Triathlon Screening

The multi-discipline nature of this sport means injuries and niggles can occur frequently

At Six Physio we believe prevention is better than cure, so we have devised a screening test that can help prevent your injuries in the first place, and at the same time make you more efficient on the course.

Swimming predominately uses the upper body muscles (back, chest, shoulders and arms) to generate power and speed.

Areas of injury: because of the repetitive nature of the arm actions, shoulder and neck issues are the main areas of concern (often the result of poor techniques, frequently compounded by inappropriate training).

Prevention: Lengthening tight muscles and increasing their range of motion, not only increases speed through the water, but also delays the onset of fatigue and helps reduce levels of lactic acid accumulation.

Questions to ask yourself:

  • Do you ever have restricted and painful Neck movement?
  • Do you know if you have optimal thoracic rotation required for bilateral breathing and optimal hand position in the catch phase of swimming?
  • Are your lats mm length and strength limiting your speed and endurance in the open water?

On the bike, the areas of work are the powerful gluteal group (the muscles in the bottom), the quadriceps and the hamstrings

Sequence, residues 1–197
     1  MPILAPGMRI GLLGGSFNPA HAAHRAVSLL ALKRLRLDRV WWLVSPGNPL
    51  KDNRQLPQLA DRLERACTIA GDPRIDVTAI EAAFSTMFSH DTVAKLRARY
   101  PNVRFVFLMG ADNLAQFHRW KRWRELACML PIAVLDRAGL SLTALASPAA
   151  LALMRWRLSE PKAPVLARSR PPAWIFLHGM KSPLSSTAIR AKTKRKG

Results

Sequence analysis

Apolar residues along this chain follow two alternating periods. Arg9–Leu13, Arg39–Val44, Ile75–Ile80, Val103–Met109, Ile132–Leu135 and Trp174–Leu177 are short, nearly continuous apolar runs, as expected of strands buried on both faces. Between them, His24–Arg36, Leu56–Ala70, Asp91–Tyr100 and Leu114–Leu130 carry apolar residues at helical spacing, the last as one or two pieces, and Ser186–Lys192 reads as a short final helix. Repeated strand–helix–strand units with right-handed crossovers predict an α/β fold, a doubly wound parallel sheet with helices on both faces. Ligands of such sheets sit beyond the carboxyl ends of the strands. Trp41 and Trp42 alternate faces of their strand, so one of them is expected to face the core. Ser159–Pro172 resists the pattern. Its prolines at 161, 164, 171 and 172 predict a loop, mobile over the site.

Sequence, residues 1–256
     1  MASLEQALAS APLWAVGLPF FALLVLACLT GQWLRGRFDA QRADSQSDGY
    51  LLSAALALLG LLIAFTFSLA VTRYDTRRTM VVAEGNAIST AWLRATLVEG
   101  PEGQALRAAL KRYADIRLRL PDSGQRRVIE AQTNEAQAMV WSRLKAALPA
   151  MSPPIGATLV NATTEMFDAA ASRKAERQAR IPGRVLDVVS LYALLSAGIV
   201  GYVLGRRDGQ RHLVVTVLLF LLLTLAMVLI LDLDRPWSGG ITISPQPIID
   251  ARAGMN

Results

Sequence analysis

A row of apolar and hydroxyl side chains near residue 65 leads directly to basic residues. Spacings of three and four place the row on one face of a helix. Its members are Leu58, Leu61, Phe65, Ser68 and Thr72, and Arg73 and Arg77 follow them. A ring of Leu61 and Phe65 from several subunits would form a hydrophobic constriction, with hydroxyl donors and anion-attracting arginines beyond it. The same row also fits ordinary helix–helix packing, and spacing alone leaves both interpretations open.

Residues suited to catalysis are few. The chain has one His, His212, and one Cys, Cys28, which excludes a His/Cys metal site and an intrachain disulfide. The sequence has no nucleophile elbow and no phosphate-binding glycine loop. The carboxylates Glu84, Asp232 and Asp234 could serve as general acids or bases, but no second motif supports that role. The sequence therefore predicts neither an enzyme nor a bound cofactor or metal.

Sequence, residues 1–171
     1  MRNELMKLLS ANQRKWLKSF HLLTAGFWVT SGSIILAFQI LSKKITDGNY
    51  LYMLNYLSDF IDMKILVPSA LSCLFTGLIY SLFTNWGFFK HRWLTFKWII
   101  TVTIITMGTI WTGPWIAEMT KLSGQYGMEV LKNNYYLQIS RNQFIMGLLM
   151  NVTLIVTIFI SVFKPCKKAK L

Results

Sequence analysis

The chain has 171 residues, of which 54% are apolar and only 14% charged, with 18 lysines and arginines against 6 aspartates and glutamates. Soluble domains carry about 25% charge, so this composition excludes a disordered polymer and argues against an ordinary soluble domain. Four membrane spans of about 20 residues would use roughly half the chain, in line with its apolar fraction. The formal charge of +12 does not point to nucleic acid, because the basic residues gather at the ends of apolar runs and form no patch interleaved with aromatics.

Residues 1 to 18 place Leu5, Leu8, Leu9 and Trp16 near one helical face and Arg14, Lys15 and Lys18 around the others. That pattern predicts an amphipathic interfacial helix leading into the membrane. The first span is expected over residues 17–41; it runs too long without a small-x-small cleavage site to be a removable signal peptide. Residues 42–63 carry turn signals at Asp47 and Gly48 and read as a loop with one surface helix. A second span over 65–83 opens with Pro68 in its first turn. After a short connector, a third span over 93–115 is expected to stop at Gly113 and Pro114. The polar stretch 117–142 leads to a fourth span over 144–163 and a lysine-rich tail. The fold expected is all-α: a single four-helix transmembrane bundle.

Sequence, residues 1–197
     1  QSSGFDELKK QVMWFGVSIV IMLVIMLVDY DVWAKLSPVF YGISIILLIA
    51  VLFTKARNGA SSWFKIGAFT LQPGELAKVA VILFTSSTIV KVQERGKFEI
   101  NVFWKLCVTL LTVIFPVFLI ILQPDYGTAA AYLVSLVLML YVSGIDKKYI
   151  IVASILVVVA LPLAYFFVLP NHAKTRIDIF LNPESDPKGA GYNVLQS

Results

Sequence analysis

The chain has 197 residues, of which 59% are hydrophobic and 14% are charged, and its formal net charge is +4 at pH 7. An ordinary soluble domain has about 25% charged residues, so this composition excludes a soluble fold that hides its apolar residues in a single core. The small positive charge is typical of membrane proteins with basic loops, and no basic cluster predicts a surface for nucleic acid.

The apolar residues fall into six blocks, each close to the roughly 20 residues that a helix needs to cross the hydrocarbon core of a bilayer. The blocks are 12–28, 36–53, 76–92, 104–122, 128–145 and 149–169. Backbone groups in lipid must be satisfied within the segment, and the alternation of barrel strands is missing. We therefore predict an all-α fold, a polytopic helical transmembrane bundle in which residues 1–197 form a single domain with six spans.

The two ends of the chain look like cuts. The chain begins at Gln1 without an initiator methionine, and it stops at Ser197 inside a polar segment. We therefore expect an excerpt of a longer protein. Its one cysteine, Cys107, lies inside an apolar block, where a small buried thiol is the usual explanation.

Areas of injury: most susceptible to injury are the lower back, knees, hamstrings and the back of the neck.

Prevention: Manual and rehabilitation physiotherapy can optimise soft tissue tension and improve available length of the hamstrings group, and also reduce tightness in the lower back and neck.

Questions to ask yourself:

  • What’s your hamstring to quad strength ratio in your bike position?

Runners hit the ground with anything between 5 and 9 times their body weight on each stride.

Over a typical 10km run, or even a 26.2 mile marathon, the cumulative effect of those impacts is immense.

Areas of injury: Main areas of weakness are the knees and ITBs (iliotibial band) from the continual stress from flexion on the bike and extension movements required for efficient running … often made far worse through poor technique and muscular instability in the glutes. Calves, shins, ankles, feet and achilles tendons are also common problem areas.

Prevention: correct stretching and strengthening.

Questions to ask yourself:

  • Can you achieve triple extension in push off phase of running?
  • What’s your optimal stride length and cadence off the bike?

If you need help answering these questions then book in for a 60 minute Tri screening with Tobina Marx at our Chelsea clinic: 020 7036 0280

Tri screening with us involves one on one, individual, case by case assessment with our expert using subjective and objective markers alongside the latest video analysis system to identify not only current injuries, but areas at risk.

The important bit comes after this: we will be able to treat your problem with manual therapy and rehab Physio and provide a treatment plan to cure the underlying dysfunction or potential problematic area so you will continue to stay in the water, on the bike and on the road to prepare for that next triathlon.

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